The shockwaves emanating from the controversial departure of Glasgow City Council leader Steven Purcell have shaken the foundations of Glasgow’s political and business establishment.
The initial facts were bad enough: allegations of drug-taking, cover-ups, incoherent ramblings, paranoia, a stay at a clinic specialising in the treatment of drink and drug problems, and finally Mr Purcell’s retreat from Scotland, reportedly for up to a year.
Since Mr Purcell’s departure, speculation has grown ever more fevered, encompassing suggestions of a network of powerful figures working behind the scenes to influence the workings of the city. The suggestion that this so-called network includes leading figures from the media is now threatening to undermine public confidence in the integrity of the Scottish press.
There have been hints that some Scottish newspapers have pulled their punches on the controversy because editors have been too close to Mr Purcell or, worse, they have been cowed into submission by Peter Watson and PR firm Media House. These suggestions have involved the Herald & Times Group, publishers of this newspaper, The Herald and the Evening Times. Other newspapers have also been referred to. We believe our readers should learn the facts here rather than read assumptions in the pages of other publications.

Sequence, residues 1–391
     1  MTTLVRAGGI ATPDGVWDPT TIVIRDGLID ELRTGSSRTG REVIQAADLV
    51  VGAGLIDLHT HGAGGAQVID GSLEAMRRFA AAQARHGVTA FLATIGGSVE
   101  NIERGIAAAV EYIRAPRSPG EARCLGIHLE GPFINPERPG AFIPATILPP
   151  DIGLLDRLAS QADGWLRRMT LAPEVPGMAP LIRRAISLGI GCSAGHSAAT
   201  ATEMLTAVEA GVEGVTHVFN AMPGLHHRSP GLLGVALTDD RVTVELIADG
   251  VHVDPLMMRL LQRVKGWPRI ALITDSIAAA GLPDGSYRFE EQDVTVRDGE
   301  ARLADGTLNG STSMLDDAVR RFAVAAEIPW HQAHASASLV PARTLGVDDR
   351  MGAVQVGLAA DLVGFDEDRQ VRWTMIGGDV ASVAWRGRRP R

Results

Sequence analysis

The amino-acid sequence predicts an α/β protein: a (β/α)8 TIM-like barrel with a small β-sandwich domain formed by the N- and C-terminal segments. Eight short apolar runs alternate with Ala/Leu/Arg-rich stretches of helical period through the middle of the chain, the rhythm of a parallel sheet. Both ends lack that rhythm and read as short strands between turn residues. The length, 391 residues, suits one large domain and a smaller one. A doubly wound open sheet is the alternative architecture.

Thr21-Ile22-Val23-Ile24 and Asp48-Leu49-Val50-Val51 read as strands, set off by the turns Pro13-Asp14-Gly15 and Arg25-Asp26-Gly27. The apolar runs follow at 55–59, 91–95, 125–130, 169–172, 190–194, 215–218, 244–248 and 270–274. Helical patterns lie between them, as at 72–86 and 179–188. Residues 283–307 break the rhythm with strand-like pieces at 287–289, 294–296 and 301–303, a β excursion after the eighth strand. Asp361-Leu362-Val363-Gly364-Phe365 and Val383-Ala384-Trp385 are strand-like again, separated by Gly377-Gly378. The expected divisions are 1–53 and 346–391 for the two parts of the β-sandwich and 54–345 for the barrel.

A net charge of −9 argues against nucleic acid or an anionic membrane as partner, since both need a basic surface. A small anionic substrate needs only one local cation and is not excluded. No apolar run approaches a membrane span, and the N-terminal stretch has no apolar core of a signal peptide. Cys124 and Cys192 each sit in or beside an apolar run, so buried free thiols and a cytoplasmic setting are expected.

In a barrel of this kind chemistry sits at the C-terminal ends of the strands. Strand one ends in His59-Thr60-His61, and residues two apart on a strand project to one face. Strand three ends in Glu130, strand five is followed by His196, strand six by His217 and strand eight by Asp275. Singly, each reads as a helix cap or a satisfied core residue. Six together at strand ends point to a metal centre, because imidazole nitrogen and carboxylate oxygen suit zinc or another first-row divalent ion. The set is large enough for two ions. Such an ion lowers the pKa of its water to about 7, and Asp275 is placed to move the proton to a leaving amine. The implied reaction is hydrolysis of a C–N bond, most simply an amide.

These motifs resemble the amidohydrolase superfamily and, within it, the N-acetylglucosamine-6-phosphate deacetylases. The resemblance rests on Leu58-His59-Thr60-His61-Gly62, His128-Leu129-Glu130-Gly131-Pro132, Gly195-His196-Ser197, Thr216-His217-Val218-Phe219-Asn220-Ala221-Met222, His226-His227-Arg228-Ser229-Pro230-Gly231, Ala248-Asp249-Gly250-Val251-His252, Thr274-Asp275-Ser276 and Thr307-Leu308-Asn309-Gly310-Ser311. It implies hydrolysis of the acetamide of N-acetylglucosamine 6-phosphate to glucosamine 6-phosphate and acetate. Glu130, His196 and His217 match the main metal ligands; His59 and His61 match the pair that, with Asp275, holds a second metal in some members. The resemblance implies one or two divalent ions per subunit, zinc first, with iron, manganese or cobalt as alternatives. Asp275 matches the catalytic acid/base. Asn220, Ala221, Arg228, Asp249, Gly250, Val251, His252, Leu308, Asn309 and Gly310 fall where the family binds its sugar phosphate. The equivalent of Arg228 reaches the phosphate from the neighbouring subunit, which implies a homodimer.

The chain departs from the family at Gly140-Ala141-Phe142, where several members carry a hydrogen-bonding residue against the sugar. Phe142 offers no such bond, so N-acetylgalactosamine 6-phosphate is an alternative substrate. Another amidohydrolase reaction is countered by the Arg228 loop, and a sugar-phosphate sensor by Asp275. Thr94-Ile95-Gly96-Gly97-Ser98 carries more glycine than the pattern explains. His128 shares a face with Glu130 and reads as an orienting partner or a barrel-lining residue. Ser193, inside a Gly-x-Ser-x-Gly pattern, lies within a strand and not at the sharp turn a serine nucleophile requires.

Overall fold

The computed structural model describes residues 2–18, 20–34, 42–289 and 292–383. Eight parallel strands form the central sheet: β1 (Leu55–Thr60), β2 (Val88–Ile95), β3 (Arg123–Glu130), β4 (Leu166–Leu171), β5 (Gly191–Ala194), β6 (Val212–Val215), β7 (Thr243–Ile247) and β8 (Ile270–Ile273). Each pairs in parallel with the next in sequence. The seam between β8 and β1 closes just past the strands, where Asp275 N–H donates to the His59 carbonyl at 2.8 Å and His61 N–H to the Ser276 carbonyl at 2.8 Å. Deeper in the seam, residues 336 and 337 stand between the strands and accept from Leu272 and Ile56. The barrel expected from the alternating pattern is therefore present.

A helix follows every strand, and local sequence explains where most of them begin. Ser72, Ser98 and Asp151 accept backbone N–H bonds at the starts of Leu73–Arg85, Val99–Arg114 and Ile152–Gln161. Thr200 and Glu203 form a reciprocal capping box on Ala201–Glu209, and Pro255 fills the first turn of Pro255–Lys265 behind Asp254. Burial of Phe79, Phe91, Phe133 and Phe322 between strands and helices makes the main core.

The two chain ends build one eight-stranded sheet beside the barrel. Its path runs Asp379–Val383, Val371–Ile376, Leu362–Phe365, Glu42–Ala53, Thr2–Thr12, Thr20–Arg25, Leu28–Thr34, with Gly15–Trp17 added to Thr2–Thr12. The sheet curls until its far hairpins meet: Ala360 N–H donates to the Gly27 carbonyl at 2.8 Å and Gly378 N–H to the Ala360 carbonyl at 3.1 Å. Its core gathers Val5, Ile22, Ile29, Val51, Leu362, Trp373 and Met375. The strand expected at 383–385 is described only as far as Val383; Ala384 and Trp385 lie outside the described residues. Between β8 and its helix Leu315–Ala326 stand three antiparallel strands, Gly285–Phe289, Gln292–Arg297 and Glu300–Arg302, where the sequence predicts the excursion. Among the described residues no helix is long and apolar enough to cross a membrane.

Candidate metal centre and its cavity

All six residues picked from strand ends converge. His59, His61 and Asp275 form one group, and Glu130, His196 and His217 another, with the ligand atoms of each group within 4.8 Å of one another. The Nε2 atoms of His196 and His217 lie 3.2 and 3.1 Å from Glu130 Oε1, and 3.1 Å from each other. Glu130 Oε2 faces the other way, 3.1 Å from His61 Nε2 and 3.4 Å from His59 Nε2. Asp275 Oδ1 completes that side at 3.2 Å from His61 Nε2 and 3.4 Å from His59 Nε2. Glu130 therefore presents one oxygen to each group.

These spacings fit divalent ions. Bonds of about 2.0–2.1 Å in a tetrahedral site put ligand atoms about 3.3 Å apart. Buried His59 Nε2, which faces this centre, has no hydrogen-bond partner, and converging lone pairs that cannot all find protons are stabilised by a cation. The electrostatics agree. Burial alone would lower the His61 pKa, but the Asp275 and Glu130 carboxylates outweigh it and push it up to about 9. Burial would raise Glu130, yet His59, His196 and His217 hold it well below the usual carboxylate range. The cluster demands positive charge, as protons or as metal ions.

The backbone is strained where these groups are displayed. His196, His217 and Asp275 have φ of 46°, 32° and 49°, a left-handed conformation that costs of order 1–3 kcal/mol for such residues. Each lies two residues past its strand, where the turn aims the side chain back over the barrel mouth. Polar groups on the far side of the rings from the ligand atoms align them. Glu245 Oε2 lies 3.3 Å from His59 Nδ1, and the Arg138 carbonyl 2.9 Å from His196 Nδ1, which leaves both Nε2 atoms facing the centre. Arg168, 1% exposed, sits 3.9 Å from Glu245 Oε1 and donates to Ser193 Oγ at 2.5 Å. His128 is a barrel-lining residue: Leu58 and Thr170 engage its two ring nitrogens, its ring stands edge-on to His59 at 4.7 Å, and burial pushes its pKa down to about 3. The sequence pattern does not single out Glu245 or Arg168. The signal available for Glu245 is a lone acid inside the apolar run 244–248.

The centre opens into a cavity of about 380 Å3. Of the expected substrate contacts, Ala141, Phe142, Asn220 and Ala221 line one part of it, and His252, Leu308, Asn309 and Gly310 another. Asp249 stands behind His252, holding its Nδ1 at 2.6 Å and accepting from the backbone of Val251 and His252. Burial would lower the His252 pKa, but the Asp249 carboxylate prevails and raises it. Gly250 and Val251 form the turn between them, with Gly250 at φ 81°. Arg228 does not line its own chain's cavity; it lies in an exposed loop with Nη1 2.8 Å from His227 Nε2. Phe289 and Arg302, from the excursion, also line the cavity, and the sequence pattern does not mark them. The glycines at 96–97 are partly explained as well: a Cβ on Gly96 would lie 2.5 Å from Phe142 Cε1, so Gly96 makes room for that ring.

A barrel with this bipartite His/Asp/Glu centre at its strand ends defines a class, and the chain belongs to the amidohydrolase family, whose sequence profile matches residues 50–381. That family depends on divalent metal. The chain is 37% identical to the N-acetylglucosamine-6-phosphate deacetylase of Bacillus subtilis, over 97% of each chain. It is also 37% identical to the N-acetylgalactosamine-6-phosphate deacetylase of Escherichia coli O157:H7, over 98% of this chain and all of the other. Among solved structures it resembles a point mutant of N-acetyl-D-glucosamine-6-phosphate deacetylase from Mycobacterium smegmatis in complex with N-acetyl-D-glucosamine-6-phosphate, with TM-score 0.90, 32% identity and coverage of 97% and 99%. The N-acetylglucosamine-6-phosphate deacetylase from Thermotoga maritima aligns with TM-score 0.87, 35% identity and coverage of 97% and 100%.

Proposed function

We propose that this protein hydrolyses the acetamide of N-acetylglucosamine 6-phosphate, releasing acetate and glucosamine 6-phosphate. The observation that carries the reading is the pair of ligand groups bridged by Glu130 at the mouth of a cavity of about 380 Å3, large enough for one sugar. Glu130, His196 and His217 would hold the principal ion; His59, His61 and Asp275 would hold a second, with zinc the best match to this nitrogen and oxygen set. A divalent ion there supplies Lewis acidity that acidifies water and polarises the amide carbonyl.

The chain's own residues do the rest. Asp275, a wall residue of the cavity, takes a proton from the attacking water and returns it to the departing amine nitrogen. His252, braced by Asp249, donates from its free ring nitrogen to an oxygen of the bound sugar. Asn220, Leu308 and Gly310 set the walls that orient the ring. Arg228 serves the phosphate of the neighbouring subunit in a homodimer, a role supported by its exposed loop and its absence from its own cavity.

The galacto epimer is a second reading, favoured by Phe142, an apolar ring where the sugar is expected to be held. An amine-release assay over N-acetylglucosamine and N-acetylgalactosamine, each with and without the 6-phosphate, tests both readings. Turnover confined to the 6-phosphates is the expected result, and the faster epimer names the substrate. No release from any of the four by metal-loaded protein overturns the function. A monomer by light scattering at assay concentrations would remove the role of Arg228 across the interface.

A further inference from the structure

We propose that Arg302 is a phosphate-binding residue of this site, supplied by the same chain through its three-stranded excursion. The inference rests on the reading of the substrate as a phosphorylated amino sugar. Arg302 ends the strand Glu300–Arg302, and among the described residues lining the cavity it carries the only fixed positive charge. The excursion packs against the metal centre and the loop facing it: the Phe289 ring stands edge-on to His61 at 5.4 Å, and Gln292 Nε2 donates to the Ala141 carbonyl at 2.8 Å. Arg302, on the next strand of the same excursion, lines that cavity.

Glasgow is a large city but its political and business centre is small. Personal and business relationships meld together, contacts extend and overlap, boundaries blur. Business dinners become social occasions, colleagues become friends. Such social networking goes on in every city in the world. It only becomes a problem when a conflict of interest arises.